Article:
It’s largely a style I’ve advocated for years that has now been further evolved, practiced and cemented into our culture with a lot of follow through from two colleagues who really buy into it and have crafted it on their own. So much do I prefer our meetings over others I often find myself getting into, that I often find myself bringing the style elsewhere.

You can see advice from Google and a startup.

Below, I share a typical agenda from a Technically Philly meeting, some unwritten rules we’ve adopted for these meetings and the phrases you’d be sure to hear at each of our meetings.

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Technically Philly April Fools’ Day 2011: the stories we ran and those we didn’t

After a couple years of resisting, we at Technically Philly went ahead with a bit of some April Fools’ Day fun.

Yes, we, the Technically Philly crew, announced we were moving to New York, and then followed that up with hourly news items that were a bit less than real. We put them in an ‘April Fools’ category, colored the post background pink and avoided too negative posts, all in the interest of combating annual newsroom concerns about breaking news trust. We’re also deleting the posts next week, so they don’t get caught in search for the future.

Posts we ran:

  1. Technically Philly to relocate, rebrand as Technically New York
  2. First Round Capital invests in cheesesteak, Rocky references
  3. Port Richmond still has no Fortune 500 company
  4. Ignite Philly changes to stodgy 20-minute, 5-slide format
  5. Regional video game business leader Mike Werth “still stuck on Level 5-3 of Super Mario Brothers”
  6. Google to pit cities in epic cage match for Gigabit access
  7. Azavea to release GIS tool to map all Philadelphians who know what GIS is
  8. Comcast to host NBC acquisition parade down Broad Street

The reactions were great. Some were surprised, some weren’t. There was a lot of love from many people, including the Federal Reserve Bank of Philadelphia and Councilman Bill Green.

Below are some headlines I suggested that didn’t make the cut.

  1. Company moves to Center City, ‘taxes actually pretty sweet,” CEO says
  2. ‘New city sustainability czar admits not knowing what ‘LEED’ actually means’
  3. ‘BREAKING: Inquirer reports on new co-working phenomenon’
  4. Penn Professor completes ENIAC defrag
  5. Duck Duck Go Founder: “When it comes down to it, Ask Jeeves remains the web’s best search experience”
  6. Mayor Nutter: “Wordpress is for pussies”
  7. Geekadelphia to turn editorial focus to pharmaceutical, biotech — “Ever since Sean Blanda whooped on me in Starcraft, I knew we needed a new niche,” Mikey Il said.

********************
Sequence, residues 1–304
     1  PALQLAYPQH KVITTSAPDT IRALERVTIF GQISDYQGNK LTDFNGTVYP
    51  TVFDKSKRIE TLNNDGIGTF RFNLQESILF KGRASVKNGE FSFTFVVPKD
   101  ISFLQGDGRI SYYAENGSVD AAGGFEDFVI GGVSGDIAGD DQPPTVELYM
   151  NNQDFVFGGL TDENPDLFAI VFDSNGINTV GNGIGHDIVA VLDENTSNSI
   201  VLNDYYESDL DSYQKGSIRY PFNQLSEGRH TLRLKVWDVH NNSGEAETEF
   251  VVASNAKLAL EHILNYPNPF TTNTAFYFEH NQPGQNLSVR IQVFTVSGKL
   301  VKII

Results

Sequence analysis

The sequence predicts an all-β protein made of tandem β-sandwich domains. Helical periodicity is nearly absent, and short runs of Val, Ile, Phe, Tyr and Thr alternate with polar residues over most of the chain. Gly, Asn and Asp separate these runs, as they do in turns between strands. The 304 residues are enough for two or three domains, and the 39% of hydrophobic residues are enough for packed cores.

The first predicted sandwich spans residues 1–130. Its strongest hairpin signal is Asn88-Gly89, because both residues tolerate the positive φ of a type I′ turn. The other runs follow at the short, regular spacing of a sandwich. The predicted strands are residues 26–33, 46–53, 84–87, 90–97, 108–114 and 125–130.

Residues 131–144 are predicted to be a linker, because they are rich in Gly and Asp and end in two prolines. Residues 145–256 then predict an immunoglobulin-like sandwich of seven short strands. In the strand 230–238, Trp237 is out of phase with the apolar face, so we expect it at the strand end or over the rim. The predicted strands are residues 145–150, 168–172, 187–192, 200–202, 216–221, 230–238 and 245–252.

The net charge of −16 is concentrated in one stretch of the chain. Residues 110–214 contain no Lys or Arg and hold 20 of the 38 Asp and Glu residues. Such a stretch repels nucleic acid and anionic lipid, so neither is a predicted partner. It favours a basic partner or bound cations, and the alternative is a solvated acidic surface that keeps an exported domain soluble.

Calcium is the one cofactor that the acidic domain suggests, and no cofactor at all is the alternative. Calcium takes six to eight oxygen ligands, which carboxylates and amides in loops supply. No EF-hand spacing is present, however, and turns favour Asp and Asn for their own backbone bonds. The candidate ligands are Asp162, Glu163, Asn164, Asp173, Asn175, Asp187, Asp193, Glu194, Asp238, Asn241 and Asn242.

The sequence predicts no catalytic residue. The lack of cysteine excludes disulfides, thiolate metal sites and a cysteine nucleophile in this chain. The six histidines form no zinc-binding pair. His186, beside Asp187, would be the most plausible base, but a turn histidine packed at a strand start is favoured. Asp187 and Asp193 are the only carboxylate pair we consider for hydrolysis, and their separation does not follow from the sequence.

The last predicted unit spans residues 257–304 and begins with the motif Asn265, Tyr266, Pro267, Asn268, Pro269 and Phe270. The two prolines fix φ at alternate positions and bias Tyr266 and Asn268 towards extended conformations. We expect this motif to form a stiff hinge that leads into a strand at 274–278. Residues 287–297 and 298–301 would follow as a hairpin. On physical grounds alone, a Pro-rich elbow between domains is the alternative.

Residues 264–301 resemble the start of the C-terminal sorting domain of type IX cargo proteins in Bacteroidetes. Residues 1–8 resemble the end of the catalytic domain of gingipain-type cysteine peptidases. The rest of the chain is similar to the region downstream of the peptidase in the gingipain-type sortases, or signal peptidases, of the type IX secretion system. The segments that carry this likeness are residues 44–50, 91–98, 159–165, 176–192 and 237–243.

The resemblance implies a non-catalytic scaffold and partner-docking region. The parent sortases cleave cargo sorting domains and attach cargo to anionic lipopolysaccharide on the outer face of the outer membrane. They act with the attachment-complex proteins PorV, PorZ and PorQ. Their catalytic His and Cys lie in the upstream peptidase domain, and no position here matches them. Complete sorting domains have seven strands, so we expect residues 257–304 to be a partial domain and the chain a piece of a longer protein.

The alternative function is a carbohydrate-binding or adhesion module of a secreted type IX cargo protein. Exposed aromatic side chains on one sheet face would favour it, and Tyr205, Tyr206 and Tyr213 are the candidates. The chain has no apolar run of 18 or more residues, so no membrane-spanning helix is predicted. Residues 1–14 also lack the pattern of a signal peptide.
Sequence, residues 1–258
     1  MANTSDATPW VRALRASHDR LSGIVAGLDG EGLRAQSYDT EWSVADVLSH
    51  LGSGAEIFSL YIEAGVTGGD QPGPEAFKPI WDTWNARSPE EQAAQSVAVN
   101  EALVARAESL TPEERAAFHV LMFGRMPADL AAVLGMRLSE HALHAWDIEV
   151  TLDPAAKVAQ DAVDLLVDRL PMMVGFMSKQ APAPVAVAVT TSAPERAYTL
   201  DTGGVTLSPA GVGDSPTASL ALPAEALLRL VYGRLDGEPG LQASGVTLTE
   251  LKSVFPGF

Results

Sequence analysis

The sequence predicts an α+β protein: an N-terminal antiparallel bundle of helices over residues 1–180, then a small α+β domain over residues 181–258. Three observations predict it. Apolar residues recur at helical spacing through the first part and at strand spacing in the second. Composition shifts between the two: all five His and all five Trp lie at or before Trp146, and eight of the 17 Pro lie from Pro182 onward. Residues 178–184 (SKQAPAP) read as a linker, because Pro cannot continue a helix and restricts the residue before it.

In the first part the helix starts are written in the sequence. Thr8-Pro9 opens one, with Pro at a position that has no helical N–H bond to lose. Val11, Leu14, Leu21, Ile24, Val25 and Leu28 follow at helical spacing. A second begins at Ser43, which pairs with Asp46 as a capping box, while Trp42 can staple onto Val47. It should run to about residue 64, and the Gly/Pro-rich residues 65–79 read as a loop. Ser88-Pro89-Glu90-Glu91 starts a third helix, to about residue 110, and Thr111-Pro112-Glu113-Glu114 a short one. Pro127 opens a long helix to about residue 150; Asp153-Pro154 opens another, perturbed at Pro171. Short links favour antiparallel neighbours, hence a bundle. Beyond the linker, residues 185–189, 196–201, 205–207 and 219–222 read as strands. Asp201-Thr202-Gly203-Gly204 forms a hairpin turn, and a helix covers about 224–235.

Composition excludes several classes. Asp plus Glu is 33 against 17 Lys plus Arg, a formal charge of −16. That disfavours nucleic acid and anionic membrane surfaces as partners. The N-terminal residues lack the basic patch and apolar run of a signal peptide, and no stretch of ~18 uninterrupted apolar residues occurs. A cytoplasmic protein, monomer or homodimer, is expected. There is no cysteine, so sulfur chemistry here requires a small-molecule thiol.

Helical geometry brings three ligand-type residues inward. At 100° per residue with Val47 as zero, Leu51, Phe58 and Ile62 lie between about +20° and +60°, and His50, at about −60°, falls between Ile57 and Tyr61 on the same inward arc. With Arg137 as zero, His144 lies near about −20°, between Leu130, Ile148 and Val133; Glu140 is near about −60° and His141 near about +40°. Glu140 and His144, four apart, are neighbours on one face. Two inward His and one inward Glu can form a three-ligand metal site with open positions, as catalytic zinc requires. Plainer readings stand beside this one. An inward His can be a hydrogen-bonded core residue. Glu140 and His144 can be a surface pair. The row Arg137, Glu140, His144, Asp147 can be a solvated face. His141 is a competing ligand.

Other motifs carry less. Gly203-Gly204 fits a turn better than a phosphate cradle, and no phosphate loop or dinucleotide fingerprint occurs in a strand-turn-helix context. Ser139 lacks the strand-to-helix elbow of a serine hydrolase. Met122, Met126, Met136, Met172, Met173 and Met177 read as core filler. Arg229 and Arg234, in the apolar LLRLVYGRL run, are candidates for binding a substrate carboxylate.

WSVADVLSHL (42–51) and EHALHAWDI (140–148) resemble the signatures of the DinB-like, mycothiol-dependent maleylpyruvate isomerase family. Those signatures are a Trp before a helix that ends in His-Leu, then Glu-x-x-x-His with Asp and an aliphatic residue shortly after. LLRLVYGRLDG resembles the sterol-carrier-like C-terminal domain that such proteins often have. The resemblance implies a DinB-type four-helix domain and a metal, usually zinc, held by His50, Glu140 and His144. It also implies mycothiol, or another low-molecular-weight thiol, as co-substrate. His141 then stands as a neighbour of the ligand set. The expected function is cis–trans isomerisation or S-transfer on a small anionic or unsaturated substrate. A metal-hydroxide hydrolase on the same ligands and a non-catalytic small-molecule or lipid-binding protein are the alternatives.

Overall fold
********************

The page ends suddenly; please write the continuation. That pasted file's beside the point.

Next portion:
8. With new website, BRT shares more bullshit tax info faster
  9. Mayor Nutter announces 811 to reduce call stress on 311
  10. City Controller: city needs new oversight group to oversee other oversight groups
  11. Census: Philly population actually closer to 2,500
  12. Philly Startup Leaders new residency requirements encourages entrepreneurs ‘to get the hell out of this town’
  13. Josh Kopelman: ‘What I really want to be is a dancer’
  14. Nat Mechanics to become Long John Silvers
  15. Philly Cocoa Heads challenges Philly CHI to Jell-o wrestling contest
  16. Safeguard Scientifics: Wait, who are all of you?
  17. Entrepreneur slyly changes his LinkedIn location to NYC — “Philly is so much cheaper, but I really really want my friends to think I live in New York.”
  18. Pew: “78% of poor people don’t know Pew”
  19. John Street still on line for new iPad [Sean had iPhone idea]
  20. City Council President Anna Verna “has an idea for a pretty sweet Facebook app”
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Quotable: GSI Commerce exit for WHYY and design challenge for Temple Times

Sometimes journalists are desperate for any schlub to give perspective on an event, and I’m there to fill in the cracks.

News broke this week that eBay purchased regional e-commerce shop GSI Commerce, and WHYY was interested in whether an exit was good or bad for the region. (I said the region needs balance: exits are great for marketing, provided we also have a diverse portfolio of large, small and startup businesses, though exits can also limit growth.)

“Give me a thousand Philadelphia companies that exit with note, and I’ll give you a region that is seen as a real hub for technology talent and innovation, and the long term benefit of that is real,” said Wink.